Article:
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Honolulu Sunday Advertiser
November 25, 1956

League of Women Voters

By Barbara Prock

The elections are over for this year, but the 110 women of the League of Women Voters of Honolulu have not closed up shop.

CHARTER Ballard Atherton, chairman of the City and County Charter, Commission, explains a point to Mrs. C. F. Schulte, left, a commission member, and Miss Laura Draper, who is first vice president of the league.

Getting out the vote, presenting an unbiased, impartial report of the city and county candidates, as they do before each election, is just one phase of the work these public-spirited women do around the calendar.

Headed by Mrs. Joseph R. Smith, president, and 13 other officers and directors, the local group, like its counterparts across the country, is a non-partisan organization whose purpose is the promotion of political responsibility through informed and active participation of citizens in government.

* * * *

This week the league welcomed one of its national officers. Mrs. George A. Dreyfous, member of the organization since 1947 and holder of the portfolio for individual liberties on the national board, arrived with her husband Wednesday morning. They are at the Royal Hawaiian hotel.

Mrs. Dreyfous, who left New Orleans the day before with plans for an extended world tour, represents the national group unofficially on this trip. She will confer with interested government officials and private citizens in various countries, including Formosa, where officials are interested in the education program of the organization.

A recent participant at the annual meeting of the national board of the league, Mrs. Dreyfous reports that member units will be asked to emphasize international questions in their programs of study.

* * * *

The league is a child of the long and sometimes discouraging fight for woman suffrage. Carrie Chapman Cott, leader in that struggle, was the first to call for a "league of women voters" in an impromptu and impassioned plea in the spring of 1919 before a meeting of the National American Woman Suffrage Association.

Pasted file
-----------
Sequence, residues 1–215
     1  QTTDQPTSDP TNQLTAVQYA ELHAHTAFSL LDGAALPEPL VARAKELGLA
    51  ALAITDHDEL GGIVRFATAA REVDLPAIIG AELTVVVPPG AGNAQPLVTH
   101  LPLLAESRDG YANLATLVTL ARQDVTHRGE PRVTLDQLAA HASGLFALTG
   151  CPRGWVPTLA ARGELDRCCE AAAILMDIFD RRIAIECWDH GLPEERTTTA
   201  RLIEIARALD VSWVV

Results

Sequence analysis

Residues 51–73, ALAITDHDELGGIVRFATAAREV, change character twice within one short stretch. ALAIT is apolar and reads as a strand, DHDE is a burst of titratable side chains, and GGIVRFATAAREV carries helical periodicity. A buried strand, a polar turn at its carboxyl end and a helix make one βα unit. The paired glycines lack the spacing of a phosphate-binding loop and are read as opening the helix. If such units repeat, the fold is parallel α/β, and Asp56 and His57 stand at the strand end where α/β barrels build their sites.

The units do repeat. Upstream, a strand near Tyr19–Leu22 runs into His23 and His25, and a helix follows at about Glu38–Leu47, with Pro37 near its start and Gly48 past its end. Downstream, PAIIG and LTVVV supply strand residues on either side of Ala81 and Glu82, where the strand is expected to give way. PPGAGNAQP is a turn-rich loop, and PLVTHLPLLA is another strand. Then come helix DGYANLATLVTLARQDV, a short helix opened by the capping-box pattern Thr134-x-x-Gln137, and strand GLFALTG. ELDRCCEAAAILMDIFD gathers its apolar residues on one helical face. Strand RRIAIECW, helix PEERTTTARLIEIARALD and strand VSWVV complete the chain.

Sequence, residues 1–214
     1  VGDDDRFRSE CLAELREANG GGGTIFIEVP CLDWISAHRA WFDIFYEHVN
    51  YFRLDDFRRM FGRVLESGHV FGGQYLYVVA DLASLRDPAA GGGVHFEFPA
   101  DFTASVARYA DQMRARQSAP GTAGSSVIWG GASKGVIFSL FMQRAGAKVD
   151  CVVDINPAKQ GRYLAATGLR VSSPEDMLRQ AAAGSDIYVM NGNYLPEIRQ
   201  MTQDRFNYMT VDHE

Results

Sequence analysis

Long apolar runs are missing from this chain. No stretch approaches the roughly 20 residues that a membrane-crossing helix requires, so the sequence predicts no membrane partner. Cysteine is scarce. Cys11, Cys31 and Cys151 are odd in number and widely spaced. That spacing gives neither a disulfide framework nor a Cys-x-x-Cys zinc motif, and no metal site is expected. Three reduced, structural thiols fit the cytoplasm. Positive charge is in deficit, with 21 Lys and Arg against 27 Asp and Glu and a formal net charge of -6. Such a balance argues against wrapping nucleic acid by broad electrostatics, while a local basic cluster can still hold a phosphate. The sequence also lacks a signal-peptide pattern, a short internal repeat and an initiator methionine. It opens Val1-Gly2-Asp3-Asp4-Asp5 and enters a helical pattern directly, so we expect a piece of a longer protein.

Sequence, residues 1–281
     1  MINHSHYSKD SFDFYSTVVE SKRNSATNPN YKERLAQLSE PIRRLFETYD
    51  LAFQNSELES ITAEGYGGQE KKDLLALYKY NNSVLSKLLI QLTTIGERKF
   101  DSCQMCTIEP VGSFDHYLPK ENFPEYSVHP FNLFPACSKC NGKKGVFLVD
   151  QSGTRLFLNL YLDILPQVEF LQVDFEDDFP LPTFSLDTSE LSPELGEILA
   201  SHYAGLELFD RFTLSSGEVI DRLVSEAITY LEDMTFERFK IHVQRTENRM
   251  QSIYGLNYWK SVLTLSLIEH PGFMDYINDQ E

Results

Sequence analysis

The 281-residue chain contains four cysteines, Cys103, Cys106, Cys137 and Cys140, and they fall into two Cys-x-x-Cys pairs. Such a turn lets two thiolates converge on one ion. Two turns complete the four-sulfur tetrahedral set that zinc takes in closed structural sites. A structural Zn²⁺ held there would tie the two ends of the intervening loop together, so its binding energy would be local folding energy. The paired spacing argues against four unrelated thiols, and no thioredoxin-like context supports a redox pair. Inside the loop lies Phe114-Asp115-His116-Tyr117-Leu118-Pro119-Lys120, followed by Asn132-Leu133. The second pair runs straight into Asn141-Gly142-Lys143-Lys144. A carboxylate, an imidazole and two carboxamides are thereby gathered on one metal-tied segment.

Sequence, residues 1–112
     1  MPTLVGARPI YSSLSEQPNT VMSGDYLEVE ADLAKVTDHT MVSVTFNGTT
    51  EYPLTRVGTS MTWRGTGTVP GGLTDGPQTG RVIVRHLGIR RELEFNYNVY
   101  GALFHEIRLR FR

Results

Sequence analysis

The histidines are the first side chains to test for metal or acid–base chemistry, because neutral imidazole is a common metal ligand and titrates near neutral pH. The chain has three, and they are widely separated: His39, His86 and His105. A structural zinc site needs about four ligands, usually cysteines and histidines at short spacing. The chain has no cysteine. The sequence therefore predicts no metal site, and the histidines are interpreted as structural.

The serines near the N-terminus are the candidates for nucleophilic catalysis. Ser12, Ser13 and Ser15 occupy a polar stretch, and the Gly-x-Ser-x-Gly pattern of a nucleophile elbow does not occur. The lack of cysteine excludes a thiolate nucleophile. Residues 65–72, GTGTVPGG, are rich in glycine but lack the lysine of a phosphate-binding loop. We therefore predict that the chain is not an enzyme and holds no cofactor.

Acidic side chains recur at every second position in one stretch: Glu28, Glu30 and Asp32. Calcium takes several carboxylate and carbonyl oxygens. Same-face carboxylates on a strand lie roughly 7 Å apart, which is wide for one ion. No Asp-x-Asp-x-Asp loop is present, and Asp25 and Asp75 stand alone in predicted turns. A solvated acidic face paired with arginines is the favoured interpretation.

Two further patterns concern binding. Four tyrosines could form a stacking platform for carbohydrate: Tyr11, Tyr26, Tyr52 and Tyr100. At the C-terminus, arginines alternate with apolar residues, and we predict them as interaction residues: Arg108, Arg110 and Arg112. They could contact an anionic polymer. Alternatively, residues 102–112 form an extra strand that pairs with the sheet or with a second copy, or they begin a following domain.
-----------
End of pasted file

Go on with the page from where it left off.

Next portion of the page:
FINANCES Mrs. Warren Thomas, left, and Mrs. Jules Fine talk with Supervisor Matsuo Takabuki about city finances during a city hall meeting of the committee.

With passage of the 19th amendment in 1920, the league became an actuality and its charter members set up a five-year plan which encompassed the education of twenty million new women voters, plans to awaken the electorate to active participation in government, and the study of needed legislation.

The organization numbers 127,000 members with leagues in over one thousand American towns and cities in the 48 states, Hawaii, Alaska the District of Columbia. From an original group of 30 members who attended the organizational meeting of the Hawaii league in 1948, one is presently on the board and several others are still active in the group.

* * * *

Members of the Honolulu league divide their efforts between local and international problems. In addition to their voters' service, which is most active just prior to elections, they devote much time and effort to study of proposed legislation and community needs.

A monthly bulletin goes to the membership and to interested officials, and publicity is given to the replies of candidates to the questionnaire sent to each of them before the polls open.

In this year's race, one candidate for mayor and two for supervisor failed to reply, but usually the response is 100 per cent.

* * * *

The local league is limited in territory and confines itself strictly to matters pertaining to the city and county of Honolulu. Members take action only on issues which al. feet the good of all citizens and never support special interest groups.

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